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multiple medications including inhaled ␤-blockers on demand, acetaminophen, escitalopram, ferrous sulfate, fluphenazine decanoate, lansoprazole, levetiracetam, lorazepam, metoprolol, rabeprazole, simvastatin and a multivitamin, noncoagulation-altering medications. All prior workups, including endoscopy, angiography, and red cell scans, were inconclusive. Reports of a lower GI study were negative, and capsule endoscopy showed angiectasis, which appeared to be limited to the third and fourth portions of the duodenum and the proximal loops of the jejunum. On 3 separate occasions, the patient underwent a double-balloon upper endoscopy, which confirmed multiple small angiectasias in the distal duodenum and jejunum. These were later cauterized. Despite these interventions, the patient continued to require blood transfusions for several years, transfusing more than 500 U of blood during this time period. The patient was referred for surgical evaluation and possible resection of the involved bowel segment. On her last admission, the patient underwent a final double-balloon endoscopy, at which time an India ink tattoo was made several centimeters beyond the last angiectasias to serve as the distal margin. The preoperative workup showed normal functionality of cardiorespiratory system and no contraindication for surgery. The proposed direction for this case was to first attempt a minimally invasive approach with robot assistance. The advantages of the robot would provide a better dissection and detachment of the pancreas from the duodenum to preserve the pancreas. Surgical Technique A totally robot-assisted approach was performed. The patient was positioned supine in a split-leg slight reverse

Trendelenburg position with arms tucked to the sides. She was monitored with electrocardiography, Foley catheter, nasogastric tube, arterial line, and venous line during the entire procedure. Lower limbs were protected with intermittent compression devices. The assistant surgeon stood in between the patient’s legs. A Veress needle was placed to achieve pneumoperitoneum and the trocars were inserted. There were massive adhesions and massive omentum and bowel adhesions, which were taken down laparoscopically. The camera port was placed slightly lower and to the right of the umbilicus (Figure 1). The trocars were then inserted. For the left arm of the robot, a robotic trocar was placed in the right flank of the abdomen at the midclavicular line. For the right arm of the robot, an 8-mm trocar was inserted in the left flank at the left midclavicular line. For the third arm, a trocar was placed in the midabdomen at the level of the anterior axillary line. An additional 12-mm laparoscopic trocar was placed in between the left robotic trocar and the camera port as the first assistant’s port. The robot was brought cranially and docked to the robotic trocars (Figure 1). The procedure began with mobilization of the right colonic flexure and transverse colon to expose the second and third portions of the duodenum. This was done using the monopolar hook and the Harmonic device (Ethicon Endo-Surgery, Inc; Cincinnati, OH). A Kocher maneuver was then performed to assess the duodenum and pancreas (Figure 2A). The transverse colon was then retracted upward and the ligament of Treitz was exposed. The Indian ink tattoo placed earlier on the jejunum was identified approximately 1 m distally from the Treitz (Figure 2B), demarcating the distal portion of the diseased segment of the bowel. Using an Endo GIA (Covidien, Norwalk CT) stapler, the small bowel was tran-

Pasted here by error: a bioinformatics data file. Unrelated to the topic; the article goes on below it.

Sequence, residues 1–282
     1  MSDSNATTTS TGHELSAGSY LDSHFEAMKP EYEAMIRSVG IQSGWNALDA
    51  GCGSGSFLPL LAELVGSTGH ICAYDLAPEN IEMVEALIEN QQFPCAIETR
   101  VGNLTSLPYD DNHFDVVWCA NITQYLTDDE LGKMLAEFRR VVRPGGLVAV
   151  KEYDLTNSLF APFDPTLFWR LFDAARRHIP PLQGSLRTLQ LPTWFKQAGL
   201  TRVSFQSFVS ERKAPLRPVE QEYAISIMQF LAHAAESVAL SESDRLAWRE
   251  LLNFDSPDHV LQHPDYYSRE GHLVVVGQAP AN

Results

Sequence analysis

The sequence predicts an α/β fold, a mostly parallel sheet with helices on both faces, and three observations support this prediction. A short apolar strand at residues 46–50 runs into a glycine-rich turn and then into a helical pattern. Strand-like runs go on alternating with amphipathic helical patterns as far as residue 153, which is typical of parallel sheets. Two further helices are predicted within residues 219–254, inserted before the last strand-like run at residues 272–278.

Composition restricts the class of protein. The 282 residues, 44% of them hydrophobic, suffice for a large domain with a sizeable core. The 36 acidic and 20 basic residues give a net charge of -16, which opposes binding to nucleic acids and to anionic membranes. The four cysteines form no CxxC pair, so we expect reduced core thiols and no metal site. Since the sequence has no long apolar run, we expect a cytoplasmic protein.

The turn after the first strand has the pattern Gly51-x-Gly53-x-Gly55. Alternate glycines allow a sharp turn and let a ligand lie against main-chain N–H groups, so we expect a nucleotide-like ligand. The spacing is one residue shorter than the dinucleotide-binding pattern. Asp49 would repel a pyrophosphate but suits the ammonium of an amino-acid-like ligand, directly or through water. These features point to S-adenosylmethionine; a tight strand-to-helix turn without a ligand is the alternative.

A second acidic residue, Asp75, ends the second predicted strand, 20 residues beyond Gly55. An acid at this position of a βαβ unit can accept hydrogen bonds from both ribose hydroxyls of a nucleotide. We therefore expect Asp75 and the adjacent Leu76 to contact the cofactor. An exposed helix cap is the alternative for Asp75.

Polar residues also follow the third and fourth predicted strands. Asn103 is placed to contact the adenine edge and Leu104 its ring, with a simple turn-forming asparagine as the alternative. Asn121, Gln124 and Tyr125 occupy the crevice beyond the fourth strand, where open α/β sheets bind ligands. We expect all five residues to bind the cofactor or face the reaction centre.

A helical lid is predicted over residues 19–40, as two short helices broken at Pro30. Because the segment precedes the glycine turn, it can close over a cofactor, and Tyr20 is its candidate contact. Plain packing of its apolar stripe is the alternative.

Figure 1. Trocar placement; (C) camera port; (A) assistant trocar; (R) robotic trocars. JSLS (2012)16:654 – 659


Robot-Assisted Subtotal Pancreas-Preserving Duodenectomy, Masrur M et al.

Figure 2. Distal duodenectomy extended to first loops of jejunum. (A) Kocher maneuver; (B) tattoo identifications and transection at distal margin; (C) jejunum dissection; (D)Treitz ligament dissection.

sected distally to the tattoo. Using the Harmonic device (Ethicon Endo-Surgery Inc, Cincinnati OH), the proximal jejunum was dissected, detaching it from the mesentery (Figure 2C). The ligament of Treitz (Figure 2D) was then taken down and the duodenojejunal flexure and first jejunal loops were retracted on the right side of the transmesocolon posteriorly to the superior mesenteric vessels. The third portion of the duodenum was then detached from the uncinate process and ventral portion of the head of the pancreas using a monopolar hook. At the same time, an infusion of Octreotide was started to decrease chances of pancreatitis during the procedure. During this step, 2 diverticuloma were detected on the wall of the third portion of the duodenum. They were approximately 2.5cm and 1cm in size. The duodenum was transected proximal to the inferior duodenal flexure by using a stapler device, and the proximal stump of the duodenum was sutured using 2-0 polypropylene. The proximal margin was determined through the preoperative endoscopy where the lesions where identified beginning from the third portion of duodenum. In the final step, the proximal stump of the jejunum was brought to the side of the second portion of the duodenum and a side-to-side duodenojejunostomy (Figure 3) was created using an Endo GIA (Covidien, Norwalk CT) stapler device. The enterotomy was hand-sewn with 3-0 656

Polydioxanone (PDS II suture) and polypropylene suture. A drain was not needed. The specimen was extracted through an enlarged port site and sent for permanent pathology. The robot was undocked and the wounds were closed.